Saturday, February 10, 2007

Moles in the Garden

Moles could be considered beneficial critters since they eat grubs, but while doing so they dig tunnels under the plants that can make it very hard to keep the plants watered. The moles seem to prefer the ground around newly planted plants, probably since the soil is loose from digging and is extra moist so it has more earth worms than the surrounding soil. I have learned from experience, that if I have a new plant that wilts no mater how I water it, I need to check for moles.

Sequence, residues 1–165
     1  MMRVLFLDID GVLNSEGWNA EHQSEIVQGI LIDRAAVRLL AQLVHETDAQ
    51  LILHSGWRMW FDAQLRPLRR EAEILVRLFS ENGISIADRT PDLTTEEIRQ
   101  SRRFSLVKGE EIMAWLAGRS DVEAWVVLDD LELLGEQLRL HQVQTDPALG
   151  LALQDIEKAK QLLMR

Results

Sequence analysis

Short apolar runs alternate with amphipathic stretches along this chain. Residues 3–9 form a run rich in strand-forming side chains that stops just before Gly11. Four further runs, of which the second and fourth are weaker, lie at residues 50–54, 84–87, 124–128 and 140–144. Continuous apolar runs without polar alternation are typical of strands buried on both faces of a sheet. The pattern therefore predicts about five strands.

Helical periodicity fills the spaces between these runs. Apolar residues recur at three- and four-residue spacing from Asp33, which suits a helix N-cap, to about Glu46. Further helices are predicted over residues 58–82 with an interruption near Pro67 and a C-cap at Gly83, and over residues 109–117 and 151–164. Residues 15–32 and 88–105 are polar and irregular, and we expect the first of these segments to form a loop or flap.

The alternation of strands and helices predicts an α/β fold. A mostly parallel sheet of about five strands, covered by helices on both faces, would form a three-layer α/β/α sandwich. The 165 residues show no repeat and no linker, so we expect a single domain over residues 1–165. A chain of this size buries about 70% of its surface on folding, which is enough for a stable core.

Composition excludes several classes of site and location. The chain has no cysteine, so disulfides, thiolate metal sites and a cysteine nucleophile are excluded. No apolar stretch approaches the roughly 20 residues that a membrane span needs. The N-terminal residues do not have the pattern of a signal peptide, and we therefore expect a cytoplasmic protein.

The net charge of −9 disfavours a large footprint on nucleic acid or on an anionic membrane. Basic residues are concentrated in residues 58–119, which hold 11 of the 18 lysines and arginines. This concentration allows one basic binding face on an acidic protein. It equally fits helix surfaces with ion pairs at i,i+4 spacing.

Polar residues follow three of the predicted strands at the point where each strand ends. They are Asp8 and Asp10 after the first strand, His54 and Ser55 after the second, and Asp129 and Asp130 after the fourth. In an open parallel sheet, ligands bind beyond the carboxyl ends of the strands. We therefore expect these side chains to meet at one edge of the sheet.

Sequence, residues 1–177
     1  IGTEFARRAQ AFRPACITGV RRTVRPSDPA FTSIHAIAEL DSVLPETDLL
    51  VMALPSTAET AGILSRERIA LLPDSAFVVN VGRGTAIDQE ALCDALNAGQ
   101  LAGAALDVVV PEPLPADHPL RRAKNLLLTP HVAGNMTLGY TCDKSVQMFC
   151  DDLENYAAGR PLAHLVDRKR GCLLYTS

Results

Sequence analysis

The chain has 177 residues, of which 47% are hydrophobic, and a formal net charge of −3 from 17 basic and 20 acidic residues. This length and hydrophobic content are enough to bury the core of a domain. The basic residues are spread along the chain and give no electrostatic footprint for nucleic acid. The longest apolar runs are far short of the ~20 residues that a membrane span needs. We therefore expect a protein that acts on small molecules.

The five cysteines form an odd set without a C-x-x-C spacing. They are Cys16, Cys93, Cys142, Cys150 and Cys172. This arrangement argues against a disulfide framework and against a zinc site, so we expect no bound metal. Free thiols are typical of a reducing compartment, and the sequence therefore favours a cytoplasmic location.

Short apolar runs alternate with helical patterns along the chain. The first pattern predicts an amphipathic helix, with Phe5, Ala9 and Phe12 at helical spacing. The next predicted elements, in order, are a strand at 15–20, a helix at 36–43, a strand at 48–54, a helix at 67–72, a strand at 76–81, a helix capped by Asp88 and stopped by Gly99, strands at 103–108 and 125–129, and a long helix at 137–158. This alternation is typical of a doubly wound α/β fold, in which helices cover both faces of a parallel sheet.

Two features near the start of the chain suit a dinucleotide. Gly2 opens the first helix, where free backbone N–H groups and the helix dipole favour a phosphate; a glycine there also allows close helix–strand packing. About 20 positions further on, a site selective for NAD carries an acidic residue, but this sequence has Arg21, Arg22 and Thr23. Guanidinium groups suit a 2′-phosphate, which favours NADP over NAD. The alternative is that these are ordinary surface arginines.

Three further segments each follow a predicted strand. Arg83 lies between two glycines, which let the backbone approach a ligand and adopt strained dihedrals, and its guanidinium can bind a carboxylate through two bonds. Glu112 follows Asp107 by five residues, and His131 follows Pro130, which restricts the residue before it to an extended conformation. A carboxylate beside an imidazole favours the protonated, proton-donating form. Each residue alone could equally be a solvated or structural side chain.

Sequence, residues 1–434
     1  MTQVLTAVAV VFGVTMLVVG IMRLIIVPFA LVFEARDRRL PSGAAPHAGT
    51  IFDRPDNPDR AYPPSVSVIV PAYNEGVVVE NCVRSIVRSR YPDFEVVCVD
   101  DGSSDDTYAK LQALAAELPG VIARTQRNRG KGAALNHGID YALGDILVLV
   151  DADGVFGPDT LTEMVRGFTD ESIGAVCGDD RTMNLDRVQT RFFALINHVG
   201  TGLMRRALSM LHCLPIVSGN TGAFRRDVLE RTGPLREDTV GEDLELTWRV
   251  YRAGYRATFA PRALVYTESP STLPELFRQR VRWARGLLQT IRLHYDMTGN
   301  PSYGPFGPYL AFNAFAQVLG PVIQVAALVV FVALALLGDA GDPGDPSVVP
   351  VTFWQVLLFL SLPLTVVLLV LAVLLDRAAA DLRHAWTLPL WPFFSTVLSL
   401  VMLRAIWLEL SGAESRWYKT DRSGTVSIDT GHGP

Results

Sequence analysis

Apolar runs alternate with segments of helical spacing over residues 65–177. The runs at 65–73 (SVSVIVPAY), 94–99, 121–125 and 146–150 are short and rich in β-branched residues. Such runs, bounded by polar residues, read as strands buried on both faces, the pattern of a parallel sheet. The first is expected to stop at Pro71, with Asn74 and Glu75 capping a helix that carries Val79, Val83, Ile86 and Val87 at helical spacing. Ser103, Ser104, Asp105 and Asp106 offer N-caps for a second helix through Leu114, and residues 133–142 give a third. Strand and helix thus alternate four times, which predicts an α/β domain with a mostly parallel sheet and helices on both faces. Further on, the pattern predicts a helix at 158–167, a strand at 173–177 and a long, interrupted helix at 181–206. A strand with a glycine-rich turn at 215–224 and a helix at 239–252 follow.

Once the soil warms up a bit we will buy some Beneficial Soil Nematodes from March Biological. These microscopic critters seek out grubs (including cutworms, root weevils, fleas, and crane flies) in the soil but don't harm the earthworms. Applying the Beneficial Nematodes is quite a leap of faith; they are too small to see. They come on a small sponge that you rinse into a bucket of water, then you apply the water to the soil. In the past, after applying the Beneficial Nematodes, we have noticed a dramatic drop in the number of adult crane flies, so they must work. Reducing the number of grubs in the soil may encourage the moles to move onto the neighbors’ yards!

Here is an interesting web site, Tom Clothier's Garden Walk & Talk , on the site I found a mole article by Bob Stewart: When Mole Hills Become Mountains.

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